Thuja is a genus consisting of six species of coniferous, evergreen trees native to East Asia and North America. The “Green Giant” Arborvitae (Thuja standishii × plicata) variety is an especially fast-growing hybrid cultivar. It is a cross hybrid between the Western Redcedar and Japanese arborvitae. Native to Europe, the D.T. Poulsen nursery of Copenhagen, Denmark chose and introduced the “Green Giant” to the U.S. National Arboretum in 1967.
Beloved for its lush aesthetic and ability to propagate, it was distributed widely and confused with a different arborvitae from the same source known as T. occidentalis “Giganteoides.” The clone identity was resolved by Susan Martin, USNA, Kim Trip, New York Botanic Garden, and Robert Marquard, Holden Arboretum by means of thorough nursery inspections, record searches, and “isozyme analysis.” Then the name Thuja “Green Giant” was selected.
Now, it is available at many wholesome nurseries, at retail sources, and by mail-order. Grown as an ideal substitute for Leland cypress in the southeastern United States, this large, needled tree is easy to grow and generally free of pests and disease. Mature trees reach up to 40 to 60 feet tall, growing densely, narrowly, and in a pyramidal habit. Leaves are small, glossy, and scale-like, opposite and arranged in rows of four, overlapping, creating flat sprays akin to the shape of fans. The bark is dark brown and shaggy. Small, upright seed cones emerge as green and then mature to brown, up to a half-inch long. Unlike some other evergreens, its rich, dense, green foliage does not yellow or brown in winter and only slightly bronzes or darkens. Coexisting with birds and small animals, this tree creates places for nesting and flower buds, as well as seeds and foliage for food. This plant is toxic to grazing animals like cattle, sheep, and horses.
|Common Name||Green Giant Arborvitae|
|Botanical Name||Thuja standishii x plicata ‘Green Giant’|
|Plant Type||Needled evergreen|
|Mature Size||40 to 60 ft. tall, 12 to 18 ft. wide|
|Sun Exposure||Full sun to part shade|
|Soil Type||Fertile, well-drained clay or loamy|
|Soil pH||Acidic, Neutral, or Alkaline|
|Hardiness Zones||5 to 8, USDA|
Green Giant Arborvitae Care
Plant trees 5 to 6 feet apart to establish a privacy hedge or security screen. For other use, plant further apart in small groups or as specimens. Establish groups of them in lawns or in the background of landscapes. In addition to defining property lines, shielding noise and rough wind, the “Green Giant” Arborvitae also emits a wonderful fragrance. Keep in mind that the tree is susceptible to wind damage and can uproot easily.
“Green Giant” Arborvitae prefers full sun. It will tolerate part shade and actually thrives in some light afternoon shade in hot summer climates.
Able to grow in a range soils such as poor soil and clay, it does best in moist, fertile, well-drained loams. Avoid wet soil that does not drain well and exposure to spray or salt.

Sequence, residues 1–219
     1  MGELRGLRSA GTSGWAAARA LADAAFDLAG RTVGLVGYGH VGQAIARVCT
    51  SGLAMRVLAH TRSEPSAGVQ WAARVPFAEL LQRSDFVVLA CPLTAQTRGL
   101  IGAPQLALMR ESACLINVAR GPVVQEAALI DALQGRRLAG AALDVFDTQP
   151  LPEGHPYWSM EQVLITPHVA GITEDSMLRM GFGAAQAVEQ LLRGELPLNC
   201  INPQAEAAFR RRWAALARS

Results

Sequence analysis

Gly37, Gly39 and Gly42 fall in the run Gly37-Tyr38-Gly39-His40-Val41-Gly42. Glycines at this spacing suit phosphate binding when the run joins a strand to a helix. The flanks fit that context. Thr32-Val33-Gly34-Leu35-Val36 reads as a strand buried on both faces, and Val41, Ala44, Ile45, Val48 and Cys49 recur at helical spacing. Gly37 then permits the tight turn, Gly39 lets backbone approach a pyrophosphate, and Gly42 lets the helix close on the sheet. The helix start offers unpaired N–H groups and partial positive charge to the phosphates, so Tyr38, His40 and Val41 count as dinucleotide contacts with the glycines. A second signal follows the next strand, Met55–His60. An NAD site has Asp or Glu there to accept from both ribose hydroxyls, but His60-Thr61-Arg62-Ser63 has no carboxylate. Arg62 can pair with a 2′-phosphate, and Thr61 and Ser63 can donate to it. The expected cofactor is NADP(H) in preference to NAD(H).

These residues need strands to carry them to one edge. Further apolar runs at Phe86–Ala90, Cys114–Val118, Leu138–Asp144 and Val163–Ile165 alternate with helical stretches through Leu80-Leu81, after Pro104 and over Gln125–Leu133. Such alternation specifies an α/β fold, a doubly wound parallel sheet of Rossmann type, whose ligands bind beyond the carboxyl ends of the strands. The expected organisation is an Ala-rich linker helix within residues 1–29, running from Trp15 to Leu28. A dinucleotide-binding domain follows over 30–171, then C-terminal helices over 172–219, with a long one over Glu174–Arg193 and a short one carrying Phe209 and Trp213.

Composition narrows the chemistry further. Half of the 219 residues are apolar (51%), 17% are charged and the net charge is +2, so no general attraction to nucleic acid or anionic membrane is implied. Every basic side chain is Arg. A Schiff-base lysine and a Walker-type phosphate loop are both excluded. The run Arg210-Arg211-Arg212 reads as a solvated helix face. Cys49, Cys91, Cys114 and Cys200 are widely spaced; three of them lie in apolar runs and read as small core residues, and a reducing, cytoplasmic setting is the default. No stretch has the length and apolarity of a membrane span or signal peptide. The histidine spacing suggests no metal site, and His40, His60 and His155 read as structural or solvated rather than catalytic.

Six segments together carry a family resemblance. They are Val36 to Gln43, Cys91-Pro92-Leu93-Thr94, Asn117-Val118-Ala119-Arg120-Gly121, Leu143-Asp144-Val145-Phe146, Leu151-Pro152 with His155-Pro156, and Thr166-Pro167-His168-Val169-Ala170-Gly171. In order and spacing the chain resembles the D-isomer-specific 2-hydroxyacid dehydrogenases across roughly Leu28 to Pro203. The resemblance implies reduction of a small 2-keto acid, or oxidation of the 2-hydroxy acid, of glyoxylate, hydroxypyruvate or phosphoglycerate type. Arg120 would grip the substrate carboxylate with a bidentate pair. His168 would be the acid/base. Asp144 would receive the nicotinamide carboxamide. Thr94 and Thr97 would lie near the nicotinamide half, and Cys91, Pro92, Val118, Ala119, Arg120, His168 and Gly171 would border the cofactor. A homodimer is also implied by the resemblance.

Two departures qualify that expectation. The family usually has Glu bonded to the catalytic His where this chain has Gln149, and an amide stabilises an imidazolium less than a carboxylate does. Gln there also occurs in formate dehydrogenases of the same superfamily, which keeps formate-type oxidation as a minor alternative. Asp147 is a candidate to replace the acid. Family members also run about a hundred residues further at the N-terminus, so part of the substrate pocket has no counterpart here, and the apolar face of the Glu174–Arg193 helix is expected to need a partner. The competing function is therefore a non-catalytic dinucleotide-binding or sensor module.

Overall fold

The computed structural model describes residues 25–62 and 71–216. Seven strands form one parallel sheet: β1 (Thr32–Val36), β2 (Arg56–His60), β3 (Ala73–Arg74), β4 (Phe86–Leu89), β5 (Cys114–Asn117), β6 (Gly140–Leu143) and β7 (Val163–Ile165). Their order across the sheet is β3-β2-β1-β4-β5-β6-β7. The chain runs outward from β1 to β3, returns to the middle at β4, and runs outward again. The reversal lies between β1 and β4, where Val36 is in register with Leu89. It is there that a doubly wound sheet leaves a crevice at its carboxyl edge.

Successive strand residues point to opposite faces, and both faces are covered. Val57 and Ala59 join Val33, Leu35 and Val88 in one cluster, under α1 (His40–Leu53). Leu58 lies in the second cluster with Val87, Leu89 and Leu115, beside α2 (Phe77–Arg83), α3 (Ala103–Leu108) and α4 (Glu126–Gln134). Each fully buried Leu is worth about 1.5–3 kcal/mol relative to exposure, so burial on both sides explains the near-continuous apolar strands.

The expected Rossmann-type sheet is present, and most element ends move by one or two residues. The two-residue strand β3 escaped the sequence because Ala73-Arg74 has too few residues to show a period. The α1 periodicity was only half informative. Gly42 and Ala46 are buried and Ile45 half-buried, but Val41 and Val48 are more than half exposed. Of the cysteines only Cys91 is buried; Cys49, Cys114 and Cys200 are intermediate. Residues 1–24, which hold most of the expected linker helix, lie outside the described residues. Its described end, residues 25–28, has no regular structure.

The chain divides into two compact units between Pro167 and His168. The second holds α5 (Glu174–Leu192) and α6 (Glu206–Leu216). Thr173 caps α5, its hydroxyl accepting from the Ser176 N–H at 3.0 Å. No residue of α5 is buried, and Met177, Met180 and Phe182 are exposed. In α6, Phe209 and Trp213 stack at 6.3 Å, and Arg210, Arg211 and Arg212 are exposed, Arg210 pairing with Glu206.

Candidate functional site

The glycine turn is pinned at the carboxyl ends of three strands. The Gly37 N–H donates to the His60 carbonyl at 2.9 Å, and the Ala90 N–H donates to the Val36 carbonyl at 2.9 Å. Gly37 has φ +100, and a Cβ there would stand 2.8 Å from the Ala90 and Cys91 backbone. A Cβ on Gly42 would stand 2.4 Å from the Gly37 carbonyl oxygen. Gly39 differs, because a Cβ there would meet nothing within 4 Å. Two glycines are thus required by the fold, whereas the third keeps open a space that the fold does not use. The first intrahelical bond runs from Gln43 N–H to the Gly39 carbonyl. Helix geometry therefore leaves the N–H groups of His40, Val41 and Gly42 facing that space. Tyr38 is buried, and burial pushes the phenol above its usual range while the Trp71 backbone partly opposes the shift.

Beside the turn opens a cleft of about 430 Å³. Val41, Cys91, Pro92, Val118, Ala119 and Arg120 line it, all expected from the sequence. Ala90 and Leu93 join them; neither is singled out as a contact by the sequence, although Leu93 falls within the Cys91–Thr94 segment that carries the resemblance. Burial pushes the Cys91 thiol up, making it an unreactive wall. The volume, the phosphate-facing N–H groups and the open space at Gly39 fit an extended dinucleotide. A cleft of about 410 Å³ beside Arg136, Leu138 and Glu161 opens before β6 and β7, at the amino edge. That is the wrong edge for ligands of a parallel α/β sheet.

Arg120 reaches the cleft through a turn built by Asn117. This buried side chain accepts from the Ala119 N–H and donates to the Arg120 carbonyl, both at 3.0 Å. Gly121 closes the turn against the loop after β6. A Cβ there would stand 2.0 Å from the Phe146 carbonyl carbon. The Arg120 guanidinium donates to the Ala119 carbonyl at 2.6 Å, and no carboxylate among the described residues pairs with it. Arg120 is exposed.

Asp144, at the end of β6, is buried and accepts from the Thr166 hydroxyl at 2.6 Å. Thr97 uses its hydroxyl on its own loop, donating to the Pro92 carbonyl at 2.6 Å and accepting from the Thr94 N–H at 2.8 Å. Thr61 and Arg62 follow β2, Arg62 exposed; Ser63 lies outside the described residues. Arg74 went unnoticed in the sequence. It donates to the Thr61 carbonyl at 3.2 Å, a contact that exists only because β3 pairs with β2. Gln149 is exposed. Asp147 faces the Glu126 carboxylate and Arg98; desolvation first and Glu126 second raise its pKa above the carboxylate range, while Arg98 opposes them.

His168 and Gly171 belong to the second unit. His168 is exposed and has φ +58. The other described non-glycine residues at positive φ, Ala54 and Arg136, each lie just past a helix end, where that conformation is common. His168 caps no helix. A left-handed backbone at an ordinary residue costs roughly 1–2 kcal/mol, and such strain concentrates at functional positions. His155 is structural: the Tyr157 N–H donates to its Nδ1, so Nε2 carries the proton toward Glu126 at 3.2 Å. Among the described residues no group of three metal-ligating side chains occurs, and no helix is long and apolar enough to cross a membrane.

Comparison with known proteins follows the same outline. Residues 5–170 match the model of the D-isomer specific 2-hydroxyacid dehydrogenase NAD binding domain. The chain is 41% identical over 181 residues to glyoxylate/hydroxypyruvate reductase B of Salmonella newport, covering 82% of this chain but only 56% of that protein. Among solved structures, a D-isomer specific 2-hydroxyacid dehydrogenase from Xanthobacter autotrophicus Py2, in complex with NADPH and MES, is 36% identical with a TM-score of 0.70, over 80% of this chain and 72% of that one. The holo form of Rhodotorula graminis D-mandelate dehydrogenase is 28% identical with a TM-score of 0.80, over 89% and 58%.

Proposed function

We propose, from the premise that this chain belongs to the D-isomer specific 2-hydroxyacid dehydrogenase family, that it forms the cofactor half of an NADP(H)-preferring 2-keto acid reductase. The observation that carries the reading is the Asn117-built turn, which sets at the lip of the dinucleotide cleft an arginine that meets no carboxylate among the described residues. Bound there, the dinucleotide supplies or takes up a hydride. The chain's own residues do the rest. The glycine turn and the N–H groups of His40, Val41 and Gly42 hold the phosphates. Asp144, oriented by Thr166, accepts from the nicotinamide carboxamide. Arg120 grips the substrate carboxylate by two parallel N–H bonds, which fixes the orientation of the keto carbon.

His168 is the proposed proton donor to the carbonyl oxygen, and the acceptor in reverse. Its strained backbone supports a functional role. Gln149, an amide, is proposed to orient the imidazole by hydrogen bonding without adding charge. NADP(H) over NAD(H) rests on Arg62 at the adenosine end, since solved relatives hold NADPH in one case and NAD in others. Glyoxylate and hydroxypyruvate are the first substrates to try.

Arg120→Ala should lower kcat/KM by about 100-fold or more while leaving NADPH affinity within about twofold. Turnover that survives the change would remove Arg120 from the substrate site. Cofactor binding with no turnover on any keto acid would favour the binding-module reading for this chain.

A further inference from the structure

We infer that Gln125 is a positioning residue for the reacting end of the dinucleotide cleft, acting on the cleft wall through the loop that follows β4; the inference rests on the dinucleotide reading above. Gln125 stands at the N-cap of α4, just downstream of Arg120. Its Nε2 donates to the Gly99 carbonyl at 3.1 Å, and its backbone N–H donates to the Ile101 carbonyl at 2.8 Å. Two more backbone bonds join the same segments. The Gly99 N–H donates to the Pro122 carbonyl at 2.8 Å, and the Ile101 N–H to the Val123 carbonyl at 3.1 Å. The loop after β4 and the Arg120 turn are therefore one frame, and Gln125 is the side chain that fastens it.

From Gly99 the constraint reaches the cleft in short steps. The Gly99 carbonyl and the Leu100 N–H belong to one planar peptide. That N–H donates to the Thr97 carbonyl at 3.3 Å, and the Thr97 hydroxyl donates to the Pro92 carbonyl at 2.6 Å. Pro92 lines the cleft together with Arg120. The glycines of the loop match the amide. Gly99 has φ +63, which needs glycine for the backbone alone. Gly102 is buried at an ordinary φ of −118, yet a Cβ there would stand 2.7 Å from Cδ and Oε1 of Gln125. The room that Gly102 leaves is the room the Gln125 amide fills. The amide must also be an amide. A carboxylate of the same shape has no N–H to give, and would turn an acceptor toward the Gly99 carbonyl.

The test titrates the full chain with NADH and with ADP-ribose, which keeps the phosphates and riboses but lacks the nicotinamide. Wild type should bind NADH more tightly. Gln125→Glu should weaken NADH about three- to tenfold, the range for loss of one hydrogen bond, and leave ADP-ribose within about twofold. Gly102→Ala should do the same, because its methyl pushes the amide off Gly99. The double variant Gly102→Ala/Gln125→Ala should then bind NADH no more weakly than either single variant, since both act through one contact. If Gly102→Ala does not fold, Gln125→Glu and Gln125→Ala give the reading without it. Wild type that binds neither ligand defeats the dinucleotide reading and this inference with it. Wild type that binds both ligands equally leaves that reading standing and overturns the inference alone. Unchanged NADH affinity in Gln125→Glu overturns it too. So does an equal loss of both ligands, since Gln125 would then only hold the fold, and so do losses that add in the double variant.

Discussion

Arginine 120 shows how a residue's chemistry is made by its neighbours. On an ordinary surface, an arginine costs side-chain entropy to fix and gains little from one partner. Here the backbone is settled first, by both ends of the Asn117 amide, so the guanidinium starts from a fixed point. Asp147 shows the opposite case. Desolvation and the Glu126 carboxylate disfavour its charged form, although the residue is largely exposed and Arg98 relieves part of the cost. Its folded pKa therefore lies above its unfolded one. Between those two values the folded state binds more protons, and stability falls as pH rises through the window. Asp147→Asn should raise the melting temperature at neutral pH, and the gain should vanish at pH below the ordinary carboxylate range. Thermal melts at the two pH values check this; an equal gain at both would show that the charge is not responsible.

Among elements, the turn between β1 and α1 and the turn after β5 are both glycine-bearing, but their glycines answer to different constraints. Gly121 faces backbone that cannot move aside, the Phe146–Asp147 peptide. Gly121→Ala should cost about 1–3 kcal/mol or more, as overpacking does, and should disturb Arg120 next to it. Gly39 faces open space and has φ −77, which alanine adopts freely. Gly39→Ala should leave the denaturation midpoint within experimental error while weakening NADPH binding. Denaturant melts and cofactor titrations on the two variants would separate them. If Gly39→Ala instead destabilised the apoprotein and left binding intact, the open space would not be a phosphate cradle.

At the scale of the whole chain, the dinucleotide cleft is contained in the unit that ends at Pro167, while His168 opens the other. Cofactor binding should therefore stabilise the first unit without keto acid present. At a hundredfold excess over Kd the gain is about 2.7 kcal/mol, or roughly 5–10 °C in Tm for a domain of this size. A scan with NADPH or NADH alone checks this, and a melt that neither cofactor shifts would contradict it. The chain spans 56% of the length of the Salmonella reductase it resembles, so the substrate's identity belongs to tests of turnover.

Water and Fertilizer
You should not fertilize the tree in the first year after planting. For the early years after that, enrich the soil with plenty of water and balanced fertilizer; this will promote continuous, vigorous growth. Then, as with more arborvitae, it will not need much or any fertilizer.
Propagate the tree from stem cuttings from July through March. Root cuttings under mist with bottom heat (3000–8000 ppm IBA).
Pruning Green Giant Arborvitae
Covered in dense, dark, evergreen foliage from the ground up, the “Green Giant” arborvitae needs little to no pruning or shearing. Growing elegantly and consistently, it only needs to be pruned if necessary or for aesthetic reasons. Shear into a desired shape and size, and maintain it throughout the warmer months.
Common Pests & Plant Diseases
Fortunately, this variety is more resistant to deer than most arborvitae and it has no major insect or disease issues. Keep an eye out for scale, rots, and bagworm in poorly drained soils.
Yes, they are. Giant Green Arborvitaes are tolerant of drought, heat, humidity, cold, wind, ice and snow damage, and to many pests including deer.
They grow very fast. This variety is actually one of the fastest-growing conifers. Growing 3 to 5 feet every year, a mature tree can reach as much as 50 feet tall and 5 feet wide in a span of 10 years.
When cared for well, Thuja Green Giants live for up to 40 years.
While “Green Giant” Thujas are known for being rather large and fast-growing, “Emerald Green” Thujas only grow 8 to 12 feet tall and 3 to 4 feet wide. They are better suited for smaller landscapes, will fit easier into tighter spaces such as around a driveway, and will even grow in containers. Another difference is their tolerance levels to temperature. “Green Giant” arborvitaes tolerate some snow and ice and temperatures down to -20 degrees Fahrenheit, but “Emerald Green” arborvitaes are much more cold resistant. Therefore, Thuja “Green Giants” will thrive in dry, southern areas where some other evergreens like the “Emerald Greens” may not.
“Thuja Standishii x Plicata ‘Green Giant’ / Green Giant Hybrid Arborvitae | Conifer Trinomial.” American Conifer Society, 11 Mar. 2020, conifersociety.org/conifers/thuja-standishii-x-plicata-green-giant
“Thuja ‘Green Giant.’” The U.S. National Arboretum, Nov. 1999,
“Thuja ‘Green Giant’ (Green Giant Arborvitae) | North Carolina Extension Gardener Plant Toolbox.” North Carolina Extension Gardener Plant Toolbox, 2011, plants.ces.ncsu.edu/plants/thuja-green-giant.
“Green Giant Arborvitae Tree on the Tree Guide at Arborday.Org.” Arbor Day, www.arborday.org/trees/treeGuide/TreeDetail.cfm?ItemID=779.
“Green Giant Arborvitae Tree on the Tree Guide at Arborday.Org.” Arbor Day, 2021, www.arborday.org/trees/treeGuide/TreeDetail.cfm?ItemID=779.
Park Seed Co. “Green Giant Arborvitae.” Jackson and Perkins, 24 May 2014, parkseed.com/green-giant-arborvitae/p/v1755.
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